You need to recognize any negative beliefs you may have about yourself, and at least isolate yourself from them long enough to consider the ideas. Many times I'll tell a student of mine that he's attractive, but the idea can't make it through his beliefs without me making him recognize that his beliefs need changing, far before I logically convince him of the (relatively) simple fact the he's attractive.
Don't let your beliefs stand in your own way. They're ingrained in you, largely by your upbringing and experiences, but they're a lot more flexible than you might imagine, which is a good thing.
The belief in what's attractive is interesting. If a woman (or man, too) has a belief about what's attractive, they'll often parse over little details if they see that piece of the equation.
Here's an example: Guys that have large biceps and triceps move their arms, when they walk, a bit differently than guys with smaller upper arms. I've observed the pattern and even felt it myself when I was lifting weights. The difference is very small, but a well-muscled guy's arms seem 'pushed out' more than normal - not just in terms of muscle mass, but just the way guys with larger arms move. I have no idea why this is. I'm not a biologist, nor an exercise scientist, and aside from basic knowledge, I can't really tell you how anatomy works. But one thing I CAN tell you is that if you adjust your walk ever-so-slightly, then you're walking like a guy who has ripped muscles.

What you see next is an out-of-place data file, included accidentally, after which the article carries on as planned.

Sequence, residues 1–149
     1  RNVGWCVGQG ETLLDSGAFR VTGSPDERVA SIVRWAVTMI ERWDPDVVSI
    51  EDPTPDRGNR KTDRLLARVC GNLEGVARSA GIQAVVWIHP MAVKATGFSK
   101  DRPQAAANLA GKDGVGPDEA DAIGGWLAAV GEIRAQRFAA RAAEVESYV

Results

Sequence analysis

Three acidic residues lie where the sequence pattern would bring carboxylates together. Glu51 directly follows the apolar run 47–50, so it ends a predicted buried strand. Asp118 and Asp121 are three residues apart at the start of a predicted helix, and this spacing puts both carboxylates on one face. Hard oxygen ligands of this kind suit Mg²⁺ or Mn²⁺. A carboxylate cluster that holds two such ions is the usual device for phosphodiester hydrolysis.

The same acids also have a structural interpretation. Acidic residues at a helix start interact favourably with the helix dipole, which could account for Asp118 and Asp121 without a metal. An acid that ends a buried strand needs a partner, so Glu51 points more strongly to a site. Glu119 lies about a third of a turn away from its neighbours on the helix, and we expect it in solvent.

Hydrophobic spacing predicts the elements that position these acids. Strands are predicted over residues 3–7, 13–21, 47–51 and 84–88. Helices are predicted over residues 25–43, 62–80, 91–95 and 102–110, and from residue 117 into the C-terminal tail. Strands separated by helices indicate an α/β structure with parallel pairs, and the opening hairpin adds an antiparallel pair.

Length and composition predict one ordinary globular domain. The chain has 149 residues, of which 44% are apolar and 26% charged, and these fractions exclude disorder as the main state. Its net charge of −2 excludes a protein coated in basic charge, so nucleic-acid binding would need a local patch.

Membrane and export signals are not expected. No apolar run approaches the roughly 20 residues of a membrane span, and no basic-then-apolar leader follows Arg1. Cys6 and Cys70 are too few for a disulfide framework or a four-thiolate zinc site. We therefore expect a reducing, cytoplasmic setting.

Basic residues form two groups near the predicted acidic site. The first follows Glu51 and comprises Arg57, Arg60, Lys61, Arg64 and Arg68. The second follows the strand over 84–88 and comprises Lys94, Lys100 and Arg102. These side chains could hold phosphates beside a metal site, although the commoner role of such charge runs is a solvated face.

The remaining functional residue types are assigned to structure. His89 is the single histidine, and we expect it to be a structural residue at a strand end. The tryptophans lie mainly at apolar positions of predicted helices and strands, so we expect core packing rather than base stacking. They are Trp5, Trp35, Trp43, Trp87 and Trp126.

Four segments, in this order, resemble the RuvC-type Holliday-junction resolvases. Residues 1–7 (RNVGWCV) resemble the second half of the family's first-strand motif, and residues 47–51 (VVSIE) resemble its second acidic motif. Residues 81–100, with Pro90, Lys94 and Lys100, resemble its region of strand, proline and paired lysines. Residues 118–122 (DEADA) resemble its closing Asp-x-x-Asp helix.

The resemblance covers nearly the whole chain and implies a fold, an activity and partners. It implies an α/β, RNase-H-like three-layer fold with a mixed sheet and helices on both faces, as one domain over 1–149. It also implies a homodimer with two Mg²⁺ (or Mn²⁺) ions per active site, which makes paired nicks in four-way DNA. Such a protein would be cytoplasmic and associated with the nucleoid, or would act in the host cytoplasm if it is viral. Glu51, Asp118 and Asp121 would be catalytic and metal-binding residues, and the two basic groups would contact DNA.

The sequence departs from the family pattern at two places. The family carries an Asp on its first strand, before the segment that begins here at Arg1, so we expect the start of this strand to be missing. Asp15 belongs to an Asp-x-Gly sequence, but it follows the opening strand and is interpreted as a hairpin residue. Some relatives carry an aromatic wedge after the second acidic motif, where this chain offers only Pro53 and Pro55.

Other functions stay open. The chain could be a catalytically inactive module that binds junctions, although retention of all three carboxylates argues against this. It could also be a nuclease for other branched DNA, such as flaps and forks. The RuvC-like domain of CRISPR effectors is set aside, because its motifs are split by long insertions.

After you consciously adjust your walk for a short while, it'll become natural and you'll need no more conscious thought in that department. The arms thing is just a very, very small piece of an overall attractive
presence. If you walk, stand, sit, wait, smile, and move like an attractive guy, on a casual glance, you'll look more attractive. If you only 'turn your walk on' when you're out looking to meet women, it might not stick over a long course.
Even still, it gives you plenty of time to screen the girl if she's compatible, and if she is, you'll have had plenty of time to attract her via more conscious processes that it won't matter any more.
It's interesting, really, that so much of the game is based around getting five minutes of a woman's attention so that you can show her who you really are. But the fact stands: If you emulate a good behavior and that gets you in with one woman, that's great. If you synthesize a good behavior and make it who you are, you'll be in with lots of women.
The emphasis on being cool, calm, and comfortable:
Being relaxed and knowing you're attractive will make you have the body language of someone who is relaxed and attractive. This is a good thing. Consciously manipulating your body language and movements slightly, for a while, can be a good thing while you get the hang of it. I, myself, have written a couple articles you might check out on having a good walk. But more than anything, the belief that you're attractive will smooth things down and make you more cool.
People's filters react based on what they've seen already. If every attractive guy a woman's ever known has walked and talked a certain way, an okay-looking guy walking and talking that way will appear attractive to her.
This is true for tonality, body language, and style. While there isn't ONE correct way to do any of these, there are ways that are attractive. If you watch attractive guys, they'll have similarities between them. People who feel they're of high value carry themselves with their shoulders broad and their head up, almost universally.